OLIVIA WOLF | DAILY EVERGREEN FILE
WSU faculty members and other select university staff will have the option to ask students to verify their vaccination statuses in the fall, but are not required to do so.
“There are really only very specific people who would have the authority to ask for proof of [vaccination],” said Phil Weiler, WSU vice president of marketing and communications. “An instructor or a faculty member in the classroom would have that authority. If there is a manager of a facility, he or she would have the ability to ask students to verify their vaccination status.”
Larger classes will hold lectures online with in-person discussion sections during the week, giving students the opportunity to interact with peers, Weiler said.
Most classes will be held in person with very few exceptions, such as if a professor is high-risk, said Shawn Ringo, assistant director of Occupational Health and Safety.
COVID-19 attestations will not be required in the fall either. If a person is sick, the expectation is to stay home, he said.
The athletic training program held in-person classes this past spring semester, said Scott Landis, athletic training professor.
“We submitted our proposal to have the classes in person and they approved,” he said. “There were very strict guidelines, of course. So pre and post-cleaning, assigned seating, student max [capacities] in the classroom.”
Landis said he prefers in-person classes over the hybrid model because everyone is able to come together.
Athletic training lab classrooms have seven to eight feet long treatment tables with two students sitting at the edge of each one, he said.
Only 17 students were allowed in a classroom, but there were only about 10 to 13 in the room at a time, Landis said.
“We didn’t really give the students any choice in where they sat,” he said. “We know our students pretty well in the major, and we didn’t want two talkative people to sit too close together.”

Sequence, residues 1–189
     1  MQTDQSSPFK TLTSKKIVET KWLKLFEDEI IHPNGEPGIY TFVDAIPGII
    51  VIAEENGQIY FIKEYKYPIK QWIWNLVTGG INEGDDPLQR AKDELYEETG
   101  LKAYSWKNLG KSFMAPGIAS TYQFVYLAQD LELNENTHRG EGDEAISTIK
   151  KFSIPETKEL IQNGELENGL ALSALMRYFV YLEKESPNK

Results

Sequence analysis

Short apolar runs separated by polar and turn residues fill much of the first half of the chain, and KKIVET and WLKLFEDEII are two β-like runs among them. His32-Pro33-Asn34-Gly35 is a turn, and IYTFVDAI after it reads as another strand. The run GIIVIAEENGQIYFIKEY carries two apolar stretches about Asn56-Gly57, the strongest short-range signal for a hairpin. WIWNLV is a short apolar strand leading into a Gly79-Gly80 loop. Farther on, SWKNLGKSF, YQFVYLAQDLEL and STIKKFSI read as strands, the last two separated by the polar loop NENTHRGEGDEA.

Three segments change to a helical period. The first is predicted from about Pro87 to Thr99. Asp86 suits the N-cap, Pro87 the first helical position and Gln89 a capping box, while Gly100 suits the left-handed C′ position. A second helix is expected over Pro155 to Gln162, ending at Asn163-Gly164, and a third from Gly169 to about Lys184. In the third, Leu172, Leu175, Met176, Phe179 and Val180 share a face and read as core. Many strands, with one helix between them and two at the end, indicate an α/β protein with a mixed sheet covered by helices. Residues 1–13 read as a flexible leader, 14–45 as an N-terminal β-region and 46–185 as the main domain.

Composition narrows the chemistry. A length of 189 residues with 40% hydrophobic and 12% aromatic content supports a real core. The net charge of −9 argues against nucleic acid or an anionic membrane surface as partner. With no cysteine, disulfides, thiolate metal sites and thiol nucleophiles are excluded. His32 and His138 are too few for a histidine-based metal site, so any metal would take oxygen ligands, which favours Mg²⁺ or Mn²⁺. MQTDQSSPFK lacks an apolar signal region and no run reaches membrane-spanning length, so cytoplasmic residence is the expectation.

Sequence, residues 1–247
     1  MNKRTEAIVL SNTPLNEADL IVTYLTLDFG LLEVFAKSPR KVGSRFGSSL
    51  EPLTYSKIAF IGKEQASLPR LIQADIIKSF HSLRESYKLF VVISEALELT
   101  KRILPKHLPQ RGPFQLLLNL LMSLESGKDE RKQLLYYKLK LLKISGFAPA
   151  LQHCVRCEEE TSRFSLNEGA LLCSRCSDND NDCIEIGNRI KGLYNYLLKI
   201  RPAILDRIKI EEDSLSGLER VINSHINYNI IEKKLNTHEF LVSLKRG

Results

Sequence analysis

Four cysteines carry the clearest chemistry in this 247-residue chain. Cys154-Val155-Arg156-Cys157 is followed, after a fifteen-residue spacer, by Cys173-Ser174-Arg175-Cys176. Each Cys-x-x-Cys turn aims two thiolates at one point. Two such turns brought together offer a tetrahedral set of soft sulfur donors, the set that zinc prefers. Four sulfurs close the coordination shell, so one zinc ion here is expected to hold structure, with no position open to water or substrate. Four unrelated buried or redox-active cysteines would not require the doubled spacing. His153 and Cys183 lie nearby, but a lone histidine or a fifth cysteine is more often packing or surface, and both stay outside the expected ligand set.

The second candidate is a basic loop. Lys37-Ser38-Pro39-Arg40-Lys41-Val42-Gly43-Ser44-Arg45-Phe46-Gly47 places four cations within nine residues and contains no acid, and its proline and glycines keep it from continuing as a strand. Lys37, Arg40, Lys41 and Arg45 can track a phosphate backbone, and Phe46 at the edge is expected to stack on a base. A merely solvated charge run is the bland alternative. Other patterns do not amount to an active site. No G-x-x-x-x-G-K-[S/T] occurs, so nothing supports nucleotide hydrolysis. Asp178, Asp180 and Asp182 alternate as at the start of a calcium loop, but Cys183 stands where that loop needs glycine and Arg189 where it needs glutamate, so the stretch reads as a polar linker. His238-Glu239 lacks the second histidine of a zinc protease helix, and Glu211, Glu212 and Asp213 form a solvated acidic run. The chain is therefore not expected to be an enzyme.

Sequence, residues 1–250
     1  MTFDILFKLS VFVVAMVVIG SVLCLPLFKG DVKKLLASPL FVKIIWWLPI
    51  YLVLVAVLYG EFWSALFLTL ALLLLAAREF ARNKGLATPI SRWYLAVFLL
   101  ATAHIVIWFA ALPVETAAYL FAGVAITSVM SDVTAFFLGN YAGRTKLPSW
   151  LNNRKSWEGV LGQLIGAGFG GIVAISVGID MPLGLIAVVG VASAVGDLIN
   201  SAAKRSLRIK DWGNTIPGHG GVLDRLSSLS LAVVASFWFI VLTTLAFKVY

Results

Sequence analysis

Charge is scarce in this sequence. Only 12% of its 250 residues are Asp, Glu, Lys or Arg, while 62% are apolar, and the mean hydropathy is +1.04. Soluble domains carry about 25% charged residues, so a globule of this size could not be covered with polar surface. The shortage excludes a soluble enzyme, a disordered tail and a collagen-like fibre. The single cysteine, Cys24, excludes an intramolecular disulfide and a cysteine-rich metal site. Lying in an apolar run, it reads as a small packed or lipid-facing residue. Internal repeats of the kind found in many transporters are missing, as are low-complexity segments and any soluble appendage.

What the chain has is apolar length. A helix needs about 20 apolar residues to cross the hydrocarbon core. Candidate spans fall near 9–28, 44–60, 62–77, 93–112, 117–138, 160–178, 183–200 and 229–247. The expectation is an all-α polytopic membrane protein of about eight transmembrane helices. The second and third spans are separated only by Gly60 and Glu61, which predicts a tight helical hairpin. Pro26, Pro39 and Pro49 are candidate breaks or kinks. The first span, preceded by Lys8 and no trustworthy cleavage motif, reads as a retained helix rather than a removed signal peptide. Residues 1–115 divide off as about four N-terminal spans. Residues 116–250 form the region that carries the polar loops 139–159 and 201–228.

Weiler said students who are fully vaccinated are not required to wear masks or follow social distancing guidelines. These students are able to meet in groups and come in close contact with their peers.
The COVID-19 vaccine has shown to be highly effective, he said. The likelihood of getting COVID-19 and spreading it while vaccinated is low.
“We are well on track to having the vast majority of people already being fully vaccinated,” he said. “My hope is throughout the summer, that those people who haven’t will just get it done and get the vaccination. If everyone can be vaccinated, we can get back to life as normal.”
Ringo said there has not been a decision as to whether unvaccinated students will have to follow social distancing guidelines in the fall, but they will still be required to wear masks.
Weiler said students living on campus who test positive for COVID-19 have to go to a designated quarantine space. This past year, WSU utilized the McEachern Residence Hall as a quarantine space for students who tested positive; this will continue in the fall as well.
“I know from the faculty and staff perspective, we’re just itching to be able to get people back into the classroom,” Weiler said. “To be able to have those events out of the classroom that make the college experience so much fun.”